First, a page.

Everything is great as long as the cities burn

July 10, 2020

When the George Floyd demonstrations began, there was a lot of justified concern that they would act as super-spreader events and set back the progress we have made against covid. (One couldn’t help but notice that the same people who been highly critical of public gatherings just days before were fine with gatherings in what they deemed to be a good cause.) This paper argues that, against all expectation, the demonstrations actually slowed the spread of covid.

The paper has met with some skepticism, but the methodology seems reasonable to me. I think it’s very plausible. However, its results are widely misunderstood, and to some degree it is the authors’ fault.

The paper explicitly acknowledges that they did not even attempt to look at whether covid spread at the demonstrations. Instead, the paper looks at cell-phone data to determine whether, on balance, the public overall congregated more during them. (ASIDE: The paper also looks a little at growth in covid cases, and that part is less convincing.) They found that the general public was so scared of the violence at these riots that they stayed home, and that effect outweighed the effect of the demonstrations themselves.

This makes sense. As large as the riots were, the vast majority of people did not participate, so even a modest negative effect among the majority could outweigh the riots themselves.

This is being spun as a defense of the demonstrations. Partly, that is the fault of the authors who asserted in their conclusion that “public speech and public health did not trade off against each other in this case.” This is a bizarre take.

Yes, public speech and public health may have coexisted, but the price of their coexistence was burning cities, many deaths, immeasurable property damage, and countless ruined lives. This is not a positive result.

The paper compounds the problem by failing to look at the key question: what happened when the riots settled down but the protests continued? At that point we would expect the negative effect to fade and the positive effect to dominate. Alas, the paper does not look at that question, so we don’t have the cell-phone data, but we can look at public data on covid spread.

According to the notes I took at the time, there was relative peace in the cities starting June 2. We expect a week’s incubation time between exposure and symptoms, so we would expect to see a surge in covid cases starting June 9. And, if we look at the data, that is exactly what we see.

To summarize, the burning of our cities masked the anticipated effect of the demonstrations on covid, but the anticipated rise happened as soon as the demonstrations became peaceful.

(Via Daily Wire.)

Divergent charts

July 10, 2020

I think this chart is really interesting:

chart of covid cases versus deaths

(Credit for the chart.)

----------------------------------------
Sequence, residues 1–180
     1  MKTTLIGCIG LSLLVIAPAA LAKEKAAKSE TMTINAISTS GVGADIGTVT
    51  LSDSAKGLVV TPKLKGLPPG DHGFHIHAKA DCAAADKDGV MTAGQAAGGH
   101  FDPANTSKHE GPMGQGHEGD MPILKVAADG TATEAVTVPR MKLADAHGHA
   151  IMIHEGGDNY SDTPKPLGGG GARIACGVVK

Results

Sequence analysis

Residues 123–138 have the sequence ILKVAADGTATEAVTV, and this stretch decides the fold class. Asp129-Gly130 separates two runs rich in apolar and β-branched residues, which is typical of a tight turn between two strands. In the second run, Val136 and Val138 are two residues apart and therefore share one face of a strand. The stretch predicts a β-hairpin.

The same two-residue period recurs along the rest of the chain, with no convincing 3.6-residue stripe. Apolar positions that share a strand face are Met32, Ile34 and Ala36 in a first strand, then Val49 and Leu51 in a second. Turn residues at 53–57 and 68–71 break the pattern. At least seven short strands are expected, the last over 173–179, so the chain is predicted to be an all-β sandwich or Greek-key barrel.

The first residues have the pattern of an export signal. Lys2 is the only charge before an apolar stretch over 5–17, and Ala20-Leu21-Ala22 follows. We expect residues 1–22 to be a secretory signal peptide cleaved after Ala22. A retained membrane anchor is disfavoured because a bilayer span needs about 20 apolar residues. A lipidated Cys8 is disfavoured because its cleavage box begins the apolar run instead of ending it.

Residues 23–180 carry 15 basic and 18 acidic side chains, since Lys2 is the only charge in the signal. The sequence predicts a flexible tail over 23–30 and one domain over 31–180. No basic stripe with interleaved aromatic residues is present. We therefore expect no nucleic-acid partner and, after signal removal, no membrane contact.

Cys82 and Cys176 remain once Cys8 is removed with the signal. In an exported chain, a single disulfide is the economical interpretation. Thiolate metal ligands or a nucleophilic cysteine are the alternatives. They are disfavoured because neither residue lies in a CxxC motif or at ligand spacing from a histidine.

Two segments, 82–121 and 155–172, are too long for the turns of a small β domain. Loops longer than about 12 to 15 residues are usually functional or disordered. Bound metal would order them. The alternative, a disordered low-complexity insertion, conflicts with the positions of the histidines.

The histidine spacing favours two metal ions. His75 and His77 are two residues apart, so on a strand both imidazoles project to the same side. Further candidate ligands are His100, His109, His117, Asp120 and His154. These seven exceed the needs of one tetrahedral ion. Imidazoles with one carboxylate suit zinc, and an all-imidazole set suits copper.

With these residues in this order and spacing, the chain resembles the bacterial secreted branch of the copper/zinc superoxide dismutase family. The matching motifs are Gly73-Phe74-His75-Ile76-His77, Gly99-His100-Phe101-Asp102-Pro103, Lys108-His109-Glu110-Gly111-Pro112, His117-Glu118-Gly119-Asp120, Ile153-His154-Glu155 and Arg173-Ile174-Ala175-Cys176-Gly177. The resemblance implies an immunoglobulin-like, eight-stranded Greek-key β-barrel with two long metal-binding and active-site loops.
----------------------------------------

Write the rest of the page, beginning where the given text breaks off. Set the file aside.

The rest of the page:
You can see that at the start of the epidemic, deaths were lagging behind cases by 6 days. But now it’s been a month-and-a-half since the two curves diverged. Cases have been soaring for about a month, while deaths have continued their steady decline.

The rejoinder is often “wait two weeks and deaths will rise.” But the chart shows that we’ve already waited more than four weeks, and, if the early pattern prevailed, we should have seen a surge in deaths in only about one.

Some say that the rise in cases is merely more testing. I don’t think that explains it (although it might be part of it) since the percentage of tests that were positive started rising at about the same time. My theory is that the people getting sick are younger (and thus less vulnerable) than the ones who were getting sick before.

In any case, I think the chart shows convincingly that although the rise in cases is surely troubling, we can temper our alarm.

UPDATE: The day after I posted this, the death rate started to rise, which obviously is bad. Nevertheless, the point still remains that deaths are not mirroring cases.

Heterogeneous measures

June 26, 2020

The CDC observes that the coronavirus outbreaks in Arizona, California, Florida, and Texas skew towards younger people, so the consequences will probably be less bad than the earlier outbreaks in the northeast:

Ongoing outbreaks of COVID-19 in Arizona, California, Florida and Texas are “significant,” but the younger average age of confirmed cases in these states might mean the “consequences” will be less severe, U.S. Centers for Disease Control and Prevention officials said Thursday.

In light of that, I wanted to revisit this paper out of CMU and Pitt. It shows that heterogeneous measures lead to significantly fewer deaths than homogeneous measures. In fact, heterogeneity matters much more than the strictness of the measures: even a more-moderate heterogeneous measure is significantly better than a stricter homogeneous measure. In plain English, what that means is we should be protecting the vulnerable tightly, but be looser with the less vulnerable. (And keep in mind this is just about deaths, without any consideration of ruined livelihoods or economic damage.)

This CDC observation suggests to me that these heterogeneous measures are finally happening. That’s a good thing.

POSTSCRIPT: Heterogeneous measures are better assuming they are not upside-down — as they were in New York and some other states — which locked down the general public tight but pushed coronavirus patients into nursing homes. That was insanity.

(Via Instapundit.)